And then consider most buttons on a phone. Most buttons on the phone are multi-purpose buttons. THis is nothing new to PC user or indeed typewriter users. Our number keys have punctuation and special characters that we access using the SHIFT key, so yes, there are multi-use keys also on the PC keyboard. But typically PC keys have one or two uses, the phone keys have easily four, five, even ten different uses. And there are application-specific "soft keys" ie they shift use many within one application even; and even better, there are user-definable keys.
Then consider familiarity of the phone keypad layout. The global average mobile phone subscriber sent 3 SMS text messages per day last year. Most who own a PC do not have a need to WRITE on it every day. And the number of PCs is only 1 billion compared to 4 billion mobile phone subscribers. What I mean is that yes, a professional write or typist can far outperform the text entry of the fastest mobile phone heavy SMS texting user, using a full QWERTY keyboard. But if we take the occasional PC user entering text, and a familiar user of mobile text entry, the perfrmance will probably be equivalent in speed. Not inherently better on the PC. And a heavy texting user will outperform text entry on his or her own phone, than using a full PC keyboard (and obviously I'm talking of mass market common users, who would enter text on a PC using the two-finger text entry method).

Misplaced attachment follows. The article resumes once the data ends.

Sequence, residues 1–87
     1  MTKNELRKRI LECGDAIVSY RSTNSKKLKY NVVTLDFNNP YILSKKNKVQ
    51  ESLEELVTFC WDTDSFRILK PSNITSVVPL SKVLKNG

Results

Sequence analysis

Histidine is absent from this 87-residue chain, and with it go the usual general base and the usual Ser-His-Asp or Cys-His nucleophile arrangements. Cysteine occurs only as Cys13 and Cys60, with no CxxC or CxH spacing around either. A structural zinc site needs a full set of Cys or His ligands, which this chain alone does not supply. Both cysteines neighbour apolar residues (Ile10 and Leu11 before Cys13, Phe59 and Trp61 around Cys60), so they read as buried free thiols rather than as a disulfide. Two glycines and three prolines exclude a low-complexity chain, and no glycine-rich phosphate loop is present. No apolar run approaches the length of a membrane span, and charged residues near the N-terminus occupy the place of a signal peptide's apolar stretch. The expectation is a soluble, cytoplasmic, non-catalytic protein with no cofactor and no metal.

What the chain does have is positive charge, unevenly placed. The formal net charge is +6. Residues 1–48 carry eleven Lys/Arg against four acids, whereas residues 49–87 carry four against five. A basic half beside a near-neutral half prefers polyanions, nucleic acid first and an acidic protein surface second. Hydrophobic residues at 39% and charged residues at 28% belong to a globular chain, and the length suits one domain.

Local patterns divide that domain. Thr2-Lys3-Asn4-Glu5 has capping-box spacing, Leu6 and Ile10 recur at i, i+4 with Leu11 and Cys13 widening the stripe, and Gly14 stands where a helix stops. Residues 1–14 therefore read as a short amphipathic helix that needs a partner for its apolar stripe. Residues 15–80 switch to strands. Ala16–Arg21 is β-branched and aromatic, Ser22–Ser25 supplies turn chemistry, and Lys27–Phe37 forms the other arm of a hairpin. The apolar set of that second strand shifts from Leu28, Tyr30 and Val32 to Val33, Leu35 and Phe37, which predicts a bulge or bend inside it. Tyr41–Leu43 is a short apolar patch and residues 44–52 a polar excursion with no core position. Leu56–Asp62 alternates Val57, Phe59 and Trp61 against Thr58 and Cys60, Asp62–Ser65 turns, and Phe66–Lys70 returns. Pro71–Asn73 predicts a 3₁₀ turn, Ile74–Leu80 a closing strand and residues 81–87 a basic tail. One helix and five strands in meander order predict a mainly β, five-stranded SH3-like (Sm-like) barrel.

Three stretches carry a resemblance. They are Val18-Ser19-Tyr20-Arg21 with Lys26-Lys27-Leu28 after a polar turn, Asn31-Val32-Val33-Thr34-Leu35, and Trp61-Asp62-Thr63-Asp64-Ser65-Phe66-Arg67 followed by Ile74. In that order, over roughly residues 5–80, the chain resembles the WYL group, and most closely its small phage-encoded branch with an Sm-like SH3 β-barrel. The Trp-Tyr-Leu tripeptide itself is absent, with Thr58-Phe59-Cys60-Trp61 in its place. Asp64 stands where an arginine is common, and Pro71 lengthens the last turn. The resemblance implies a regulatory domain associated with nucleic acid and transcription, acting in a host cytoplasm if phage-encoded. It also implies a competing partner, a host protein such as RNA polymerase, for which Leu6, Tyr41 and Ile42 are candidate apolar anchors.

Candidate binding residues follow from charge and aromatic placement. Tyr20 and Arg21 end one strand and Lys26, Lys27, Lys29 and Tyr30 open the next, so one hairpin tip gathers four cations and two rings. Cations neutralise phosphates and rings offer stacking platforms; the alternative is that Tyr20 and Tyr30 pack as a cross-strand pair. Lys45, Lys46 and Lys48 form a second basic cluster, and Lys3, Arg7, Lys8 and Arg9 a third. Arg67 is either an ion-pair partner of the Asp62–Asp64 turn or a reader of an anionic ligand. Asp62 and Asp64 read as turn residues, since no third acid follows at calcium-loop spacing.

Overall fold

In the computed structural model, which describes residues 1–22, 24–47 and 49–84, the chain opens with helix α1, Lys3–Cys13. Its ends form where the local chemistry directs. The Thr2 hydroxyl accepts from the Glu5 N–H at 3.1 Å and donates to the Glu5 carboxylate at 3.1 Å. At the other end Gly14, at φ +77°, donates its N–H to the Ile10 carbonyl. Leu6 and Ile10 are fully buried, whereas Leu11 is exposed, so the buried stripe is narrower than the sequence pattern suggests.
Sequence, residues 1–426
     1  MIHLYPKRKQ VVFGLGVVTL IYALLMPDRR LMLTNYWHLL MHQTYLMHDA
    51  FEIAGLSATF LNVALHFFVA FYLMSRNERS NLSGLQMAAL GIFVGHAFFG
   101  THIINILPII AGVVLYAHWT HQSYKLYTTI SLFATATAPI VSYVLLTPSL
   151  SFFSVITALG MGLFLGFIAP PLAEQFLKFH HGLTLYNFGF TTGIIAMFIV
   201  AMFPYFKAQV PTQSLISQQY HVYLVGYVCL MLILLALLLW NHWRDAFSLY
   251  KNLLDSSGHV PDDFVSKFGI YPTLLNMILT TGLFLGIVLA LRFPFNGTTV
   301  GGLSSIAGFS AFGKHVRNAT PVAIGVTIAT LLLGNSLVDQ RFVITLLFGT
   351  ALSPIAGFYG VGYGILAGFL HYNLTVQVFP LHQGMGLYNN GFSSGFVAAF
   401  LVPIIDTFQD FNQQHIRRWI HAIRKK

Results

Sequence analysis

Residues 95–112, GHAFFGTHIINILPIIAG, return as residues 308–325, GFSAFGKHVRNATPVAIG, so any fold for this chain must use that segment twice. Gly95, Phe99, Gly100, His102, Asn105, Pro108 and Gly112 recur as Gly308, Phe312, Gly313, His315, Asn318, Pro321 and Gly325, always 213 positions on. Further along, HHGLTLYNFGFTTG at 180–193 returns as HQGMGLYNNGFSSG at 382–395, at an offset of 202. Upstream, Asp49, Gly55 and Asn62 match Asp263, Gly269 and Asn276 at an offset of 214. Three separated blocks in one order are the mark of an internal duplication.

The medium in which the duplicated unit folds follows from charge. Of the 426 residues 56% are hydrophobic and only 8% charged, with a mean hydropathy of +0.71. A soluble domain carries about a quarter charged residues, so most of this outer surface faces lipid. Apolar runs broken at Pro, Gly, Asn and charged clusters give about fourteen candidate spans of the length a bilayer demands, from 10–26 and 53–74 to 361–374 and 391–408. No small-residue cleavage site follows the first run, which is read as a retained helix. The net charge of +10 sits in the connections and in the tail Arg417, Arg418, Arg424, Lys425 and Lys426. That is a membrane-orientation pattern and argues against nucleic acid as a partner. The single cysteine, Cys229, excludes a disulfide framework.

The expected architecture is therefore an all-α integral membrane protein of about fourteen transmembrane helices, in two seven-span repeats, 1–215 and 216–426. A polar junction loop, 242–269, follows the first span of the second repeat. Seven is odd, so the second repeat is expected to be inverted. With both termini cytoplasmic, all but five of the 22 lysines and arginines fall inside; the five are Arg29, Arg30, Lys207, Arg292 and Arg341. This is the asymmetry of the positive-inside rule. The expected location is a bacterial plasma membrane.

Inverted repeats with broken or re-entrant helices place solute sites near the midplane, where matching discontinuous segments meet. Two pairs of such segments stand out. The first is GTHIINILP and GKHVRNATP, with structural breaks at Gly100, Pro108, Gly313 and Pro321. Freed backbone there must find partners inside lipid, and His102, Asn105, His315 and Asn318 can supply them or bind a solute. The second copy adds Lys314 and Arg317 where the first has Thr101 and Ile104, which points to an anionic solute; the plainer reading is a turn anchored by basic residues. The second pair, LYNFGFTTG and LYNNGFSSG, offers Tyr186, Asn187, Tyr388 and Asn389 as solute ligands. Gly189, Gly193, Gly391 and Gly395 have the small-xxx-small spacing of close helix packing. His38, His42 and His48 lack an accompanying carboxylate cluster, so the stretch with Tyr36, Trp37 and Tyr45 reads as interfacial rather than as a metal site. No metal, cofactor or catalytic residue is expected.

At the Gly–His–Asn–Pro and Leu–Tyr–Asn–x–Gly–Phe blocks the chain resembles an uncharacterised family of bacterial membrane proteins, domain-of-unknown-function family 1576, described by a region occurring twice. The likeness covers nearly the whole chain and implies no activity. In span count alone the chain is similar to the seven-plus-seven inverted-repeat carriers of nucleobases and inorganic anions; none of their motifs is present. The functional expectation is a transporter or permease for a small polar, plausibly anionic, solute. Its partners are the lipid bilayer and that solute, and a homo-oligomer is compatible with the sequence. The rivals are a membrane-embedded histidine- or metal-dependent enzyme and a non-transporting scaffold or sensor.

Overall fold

But lets be generous. The PC has more keys, more specific use keys and in most cases of punctuation etc, the use of the key is printed on the key. On the phone you have to learn to find which punctuation is hidden under the 1 key, etc.
So advantage PC.
MOUSE SHOULD SEAL THE DEAL
And the PC has the mouse. Have you ever tried to do modern PC work without a mouse (recently I was at an internet cafe where the mouse was broken, OUCH.. what a hassle!). We don't have a mouse on the standard phone. Some premium phones do have a navigation button or touch screen, but most do not. And even a navigation button or a touch screen is nowhere near as powerful as a navigation, pointing and yes, drawing tool, as is our mouse. This should seal the deal for the PC. We ahve the mouse, the mobile doesn't. Entry is easier and better.
Ok, I'll give you the mouse. It does help, and in particular with internet surfing, the mouse is supremely userful on the PC. Almost something we can't live without. But is it the ultimate navigation tool?
NOW PHONE STARTS ITS COME-BACK